Forgotten women of Paleontology: Emily Dix

 

Dr Emily Dix and her assistant Miss Elsie White.

Dr Emily Dix and her assistant Miss Elsie White.

In the 18th and 19th centuries women’s access to science was limited, and science was usually a ‘hobby’ for intelligent wealthy women. It was common for male scientists to have women assistants, often their own wives and daughters. But by the first half of the 20th century, a third of British palaeobotanists working on Carboniferous plants were women. The most notable were  Margaret Benson, Emily Dix, and Marie Stopes.

Emily Dix was born on 21 May 1904 in Penclawdd, in the beautiful area of the Gower Peninsula. At age 18, she gained the Central Welsh Board Higher Certificate in history, botany and geography, with distinctions in both history and botany. In 1925, she graduated with first class honours in Geology at the University College Swansea. After graduation, Emily continued at Swansea to research the geology of the western part of the South Wales Coalfield. Her work was supervised by Arthur E. Trueman, Professor of Geology at Swansea, and a pioneer in developing stratigraphical theory. Trueman realized that the only accurate way to use fossils for correlation was to divide the stratigraphical succession into biozones defined exclusively by the assemblages of species present, independently of the lithology in which they were found. Trueman’s main interest were  non-marine bivalves, so Emily’s early work was on the non-marine bivalves of the South Wales Coalfield.

Emily Dix during the 2nd International Carboniferous Congress in 1935 (From Burek and Cleal, 2005)

Emily Dix during the 2nd International Carboniferous Congress in 1935 (From Burek and Cleal, 2005)

Emily initially studied all aspects of the Late Carboniferous biotas in South Wales, but soon, she realized that plant fossils also had considerable biostratigraphical potential. Although, Paul Bertrand developed macrofloral biozones for the French coalfields in 1914, Emily used stratigraphical range charts for the first time in paleobotany recognising the need to separate biostratigraphy from lithostratigraphy. In 1926 Emily was awarded an MSc based on her Gwendraeth Valley work: ‘The Palaeontology of the Lower Coal Series of Carmarthen and the Correlation of the Coal Measures in the Western Portion of the South Wales Coalfield’.  In 1929 she was elected a fellow of the Geological Society, and a year later she was appointed Lecturer in Palaeontology at Bedford College in London, a position that she held for the rest of her working life. The same year, she attended the International Botanical Congress in Cambridge where she met W. Gothan, P. Bertrand, W. J. Jongmans and A. Renier, leaders in Upper Carboniferous palaeobotany at the time. Five years later, she attended the Second International Carboniferous Congress in Heerlen (The Netherlands) and she delivered papers on Carboniferous biostratigraphy. In 1936, Emily was invited to become the only female on an 11-man discussion group of the British Association for the Advancement of Science on Coal Measures correlation. She was clearly at the international forefront of the field.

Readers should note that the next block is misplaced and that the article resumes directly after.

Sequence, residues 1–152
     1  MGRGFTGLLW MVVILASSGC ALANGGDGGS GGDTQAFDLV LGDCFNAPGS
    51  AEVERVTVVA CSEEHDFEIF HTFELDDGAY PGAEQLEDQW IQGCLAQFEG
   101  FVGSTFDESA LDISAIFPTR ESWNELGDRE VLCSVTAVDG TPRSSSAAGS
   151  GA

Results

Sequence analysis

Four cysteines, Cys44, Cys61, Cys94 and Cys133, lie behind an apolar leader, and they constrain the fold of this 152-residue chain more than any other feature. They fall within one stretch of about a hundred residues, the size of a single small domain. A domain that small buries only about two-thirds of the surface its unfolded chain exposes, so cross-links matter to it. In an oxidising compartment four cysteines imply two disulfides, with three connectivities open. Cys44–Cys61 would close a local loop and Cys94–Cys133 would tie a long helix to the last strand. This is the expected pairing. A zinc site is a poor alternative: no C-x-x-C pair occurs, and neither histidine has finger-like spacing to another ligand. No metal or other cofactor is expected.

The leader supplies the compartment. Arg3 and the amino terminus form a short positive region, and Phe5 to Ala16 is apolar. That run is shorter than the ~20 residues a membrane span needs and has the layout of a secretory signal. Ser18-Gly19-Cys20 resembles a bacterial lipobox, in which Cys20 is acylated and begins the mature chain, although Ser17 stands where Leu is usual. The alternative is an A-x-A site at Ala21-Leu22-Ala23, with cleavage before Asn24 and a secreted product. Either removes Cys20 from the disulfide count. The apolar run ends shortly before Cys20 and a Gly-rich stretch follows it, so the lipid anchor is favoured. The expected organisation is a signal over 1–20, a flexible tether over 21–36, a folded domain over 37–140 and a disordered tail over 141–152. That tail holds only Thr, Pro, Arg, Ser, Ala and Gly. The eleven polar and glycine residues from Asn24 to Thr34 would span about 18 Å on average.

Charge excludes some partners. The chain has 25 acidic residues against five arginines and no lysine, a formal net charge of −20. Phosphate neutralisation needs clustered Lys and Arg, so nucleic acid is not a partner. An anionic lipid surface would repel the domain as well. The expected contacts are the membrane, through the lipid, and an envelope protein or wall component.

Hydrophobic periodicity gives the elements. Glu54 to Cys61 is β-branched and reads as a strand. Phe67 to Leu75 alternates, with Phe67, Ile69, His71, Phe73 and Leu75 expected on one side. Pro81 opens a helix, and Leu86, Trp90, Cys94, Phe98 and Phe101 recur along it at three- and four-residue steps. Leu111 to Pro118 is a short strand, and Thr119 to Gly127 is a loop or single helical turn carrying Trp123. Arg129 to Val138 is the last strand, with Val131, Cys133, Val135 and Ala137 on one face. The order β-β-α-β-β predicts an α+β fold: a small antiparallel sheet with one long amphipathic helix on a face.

Emily Dix in the Auvergne 1936 (seated fourth from right, see white arrow). From Burek and Cleal, 2005.

Emily Dix in the Auvergne 1936 (seated fourth from right, see white arrow). From Burek and Cleal, 2005.

At the start of the World War II, she was evacuated to Cambridge, along with the rest of Bedford College Geology Department. She lost a lot of valuable literature and other records in a London Blitz in May 1941. Fortunately, much of her collection of fossils survived.

At the end of the war, Emily suffered a mental breakdown. She was moved to a mental hospital run by the Quakers in the City of York. That was the end of her scientific career. She died in Swansea on 31 December 1972.

It was not until the late 1970s that her techniques were used again in Britain. Elsewhere in Europe, her approaches were adopted and can be seen in many of the papers presented at the International Carboniferous Congresses held at Heerlen during the 1950s and early 1960s.

References:

Burek, C. V. & Cleal, C. J. (2005) The life and work of Emily Dix (1904-1972). In: Bowden, A. J., Burek, C. V. & Wilding, R (ed.) History of palaeobotany: selected essays. Geological Society of London, Special Publication, 241, 181-196

Burek, C. V. (2005). Emily Dix, palaeobotanist – a promising career cut short. Geology Today, 21(4), 144-145

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5 thoughts on “Forgotten women of Paleontology: Emily Dix

  1. Pingback: Whewell’s Gazette: Year 3, Vol. #23 | Whewell's Ghost

  2. Pingback: Forgotten women of Paleontology: Emily Dix | Letters from Gondwana. | First Night History

  3. It seems from this account that Emily Dix was quite readily and generally accepted among fellow (male) paleobotanists and related societies, which surprises me given the time period. Or did she in fact also receive many rebuffs and rejections?

    • She was regarded favourably by her contemporaries and peers, and was given extensive access to coal mines and open cast quarries, an unusual privilege for a female at that time.

  4. Pingback: Whewell’s Gazette: Year 3, Vol. #26 | Whewell's Ghost

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